|Type of record:||Monument|
|Name:||Colveston deserted medieval settlement, Didlington|
The site of Colveston deserted village. The old parish church has been in ruins since the 17th century, and today forms an overgrown mound in the middle of an arable field. The houses had gone by the early 18th century, with the exception of the farmhouse. Metal detecting has recovered Iron Age, Roman and medieval objects. Fieldwalking has recovered Saxon, medieval and post medieval pottery fragments, together with fragments of medieval window glass
Images - none
|Grid Reference:||TL 79 95|
|Parish:||COLVESTON, BRECKLAND, NORFOLK|
|DIDLINGTON, BRECKLAND, NORFOLK|
Colveston deserted medieval village. A vill in (S1), and in (S2) (1316).
At ngr (see Notes) a few probable Roman sherds and flint flakes (see Notes).
At ngr (see Notes) pot 14th to 17th century
Church; slight traces of wall foundations, ploughing goes up to structure on all sides = 1040/c1 at ngr (see Notes)
A. Rogerson (NAU).
The church has been in ruins since the 17th century. The last house in the village had gone by 1738. Thetford type ware also found by A. Rogerson (NAU). (S3) noted the font in the garden of a farm with a well in 1730.
E. Rose (NAU).
Church foundations listed. (S4).
E. Rose (NAU).
1332 Lay Subsidy eleven taxpayers, 1377 to 81 Poll Tax combined with Ickburgh, 1352 to 54 Black Death relief not granted.
1428 ten householders, 1449 tax relief 9% of 1334 assessment.
1738 'there is nothing now remaining of this old village, but the aforesaid Manor House and farmhouse adjoining'.
OS air photos (S5) show what may be ploughed over strip development in this area now under crop.
Information from OS records
R. J. Rickett (NAU), 10 April 1990
1991. Metal detecting.
Iron Age, Roman and other coins, 15th century strap fitting
See file for list and details.
D. Gurney (NLA), 19 December 1991
Unit aerial photographs show possible enclosures between church and wood to southwest.
Appropriate section from (S7) in file.
March 2003. Surface collection.
Medieval and post medieval sherds.
Medieval roofing tile.
Post medieval brick and window glass.
See lists in file.
A. Rogerson (NLA), 13 June 2003.
Before 19 April 2004. Fieldwalking.
Further medieval and post medieval sherds. medieval or post medieval roof tile, floor tile and brick.
See list in file.
A. Rogerson (NLA), 9 September 2004.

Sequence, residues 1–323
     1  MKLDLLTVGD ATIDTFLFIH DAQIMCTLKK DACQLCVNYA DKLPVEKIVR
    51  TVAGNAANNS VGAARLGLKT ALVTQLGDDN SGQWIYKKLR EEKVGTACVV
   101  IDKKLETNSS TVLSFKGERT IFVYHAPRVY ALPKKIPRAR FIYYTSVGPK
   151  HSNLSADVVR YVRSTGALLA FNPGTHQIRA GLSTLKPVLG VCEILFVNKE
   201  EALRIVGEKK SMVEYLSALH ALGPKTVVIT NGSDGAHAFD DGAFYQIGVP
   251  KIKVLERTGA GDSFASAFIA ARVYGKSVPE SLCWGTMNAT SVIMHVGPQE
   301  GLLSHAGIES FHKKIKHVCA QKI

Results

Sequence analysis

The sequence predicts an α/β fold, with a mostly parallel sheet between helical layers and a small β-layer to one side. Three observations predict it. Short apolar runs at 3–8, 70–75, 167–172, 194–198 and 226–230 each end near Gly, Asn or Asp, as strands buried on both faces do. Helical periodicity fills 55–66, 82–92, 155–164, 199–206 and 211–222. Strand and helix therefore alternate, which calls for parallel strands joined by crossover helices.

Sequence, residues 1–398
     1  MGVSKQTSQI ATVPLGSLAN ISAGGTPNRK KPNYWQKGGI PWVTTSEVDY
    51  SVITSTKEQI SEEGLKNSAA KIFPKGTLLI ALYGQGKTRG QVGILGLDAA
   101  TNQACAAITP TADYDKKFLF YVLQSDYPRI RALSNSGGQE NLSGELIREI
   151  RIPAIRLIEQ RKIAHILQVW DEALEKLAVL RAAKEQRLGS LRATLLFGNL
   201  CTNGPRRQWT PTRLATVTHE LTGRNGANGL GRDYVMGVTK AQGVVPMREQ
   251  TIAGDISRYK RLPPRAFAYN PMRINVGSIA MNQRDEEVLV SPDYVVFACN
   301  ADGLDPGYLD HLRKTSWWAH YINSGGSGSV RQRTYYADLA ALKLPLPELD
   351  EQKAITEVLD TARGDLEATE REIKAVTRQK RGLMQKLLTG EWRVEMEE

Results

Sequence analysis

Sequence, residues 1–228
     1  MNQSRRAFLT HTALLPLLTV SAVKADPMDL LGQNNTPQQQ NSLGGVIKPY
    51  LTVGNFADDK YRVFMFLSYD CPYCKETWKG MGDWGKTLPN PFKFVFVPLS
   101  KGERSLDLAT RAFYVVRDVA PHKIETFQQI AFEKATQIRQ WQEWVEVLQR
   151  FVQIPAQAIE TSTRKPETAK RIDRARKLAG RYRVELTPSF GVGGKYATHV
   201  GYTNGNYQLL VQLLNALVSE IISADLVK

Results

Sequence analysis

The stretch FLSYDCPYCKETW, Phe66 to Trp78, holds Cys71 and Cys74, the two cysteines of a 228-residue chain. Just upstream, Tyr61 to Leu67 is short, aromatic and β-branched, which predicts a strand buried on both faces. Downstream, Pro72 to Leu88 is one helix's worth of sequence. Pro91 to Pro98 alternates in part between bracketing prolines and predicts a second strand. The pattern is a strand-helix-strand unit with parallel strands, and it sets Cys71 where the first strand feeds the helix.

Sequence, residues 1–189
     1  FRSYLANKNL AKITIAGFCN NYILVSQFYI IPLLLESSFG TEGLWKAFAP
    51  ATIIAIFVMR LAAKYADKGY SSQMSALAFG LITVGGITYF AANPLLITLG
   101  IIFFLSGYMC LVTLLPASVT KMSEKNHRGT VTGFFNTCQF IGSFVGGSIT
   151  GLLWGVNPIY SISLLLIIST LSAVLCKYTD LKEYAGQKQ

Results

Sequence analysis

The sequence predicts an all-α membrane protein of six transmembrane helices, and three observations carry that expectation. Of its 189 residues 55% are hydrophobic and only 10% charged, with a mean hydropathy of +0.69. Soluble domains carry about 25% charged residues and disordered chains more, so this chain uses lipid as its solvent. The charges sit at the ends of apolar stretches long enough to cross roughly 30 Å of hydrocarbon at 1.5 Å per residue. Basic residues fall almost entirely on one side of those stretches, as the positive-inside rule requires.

- WELL (Unknown date)
- CHURCH (Medieval - 1066 AD to 1539 AD)
- DESERTED SETTLEMENT (Medieval - 1066 AD to 1539 AD)
- RECTANGULAR ENCLOSURE (Medieval - 1066 AD to 1539 AD)
- RIDGE AND FURROW (Medieval - 1066 AD to 1539 AD)
- SITE (Medieval - 1066 AD to 1539 AD)
- LITHIC IMPLEMENT (Prehistoric - 500000 BC to 42 AD)
- COIN (Iron Age - 800 BC to 42 AD)
- COIN (Roman - 43 AD to 409 AD)
- POT (Roman - 43 AD to 409 AD)
- POT (Late Saxon - 851 AD to 1065 AD)
- BRICK (Medieval - 1066 AD to 1539 AD)
- COIN (Medieval - 1066 AD to 1539 AD)
- FLOOR TILE (Medieval to Post Medieval - 1066 AD to 1900 AD)
- POT (Medieval - 1066 AD to 1539 AD)
- ROOF TILE (Medieval - 1066 AD to 1539 AD)
- STRAP FITTING (Medieval - 1066 AD to 1539 AD)
- BRICK (Post Medieval - 1540 AD to 1900 AD)
- COIN (Post Medieval - 1540 AD to 1900 AD)
- POT (Post Medieval - 1540 AD to 1900 AD)
- ROOF TILE (Post Medieval - 1540 AD to 1900 AD)
- TOKEN (Post Medieval - 1540 AD to 1900 AD)
- WINDOW GLASS (Post Medieval - 1540 AD to 1900 AD)
- Listed Building
- Listed Building
Sources and further reading
|---||Photograph: POL33-35. |
|---||Newspaper Article: Eastern Daily Press. 1962. A lost village in his garden.. 10 July. |
|---||Secondary File: Secondary file. |
|<S1>||Publication: Brown, P (ed.). 1984. Domesday Book: Norfolk. Parts 1 and 2. |
|<S2>||Monograph: Nomina Villarum.. |
|<S3>||Unpublished document: Martin, T.. c.1730. Church Notes.. |
|<S4>||Scheduling record: English Heritage. List of Buildings of Historical and Architectural Interest. |
|<S5>||Aerial Photograph: TL7995 A,F-H,K,L-P,Y-Z; St.Joseph PL41-45. |
|<S6>||Aerial Photograph: Ordnance Survey. 1971. OS 71387 246-247. |
|<S7>||Monograph: Batcock, N. 1991. The Ruined and Disused Churches of Norfolk. East Anglian Archaeology. No 51. |
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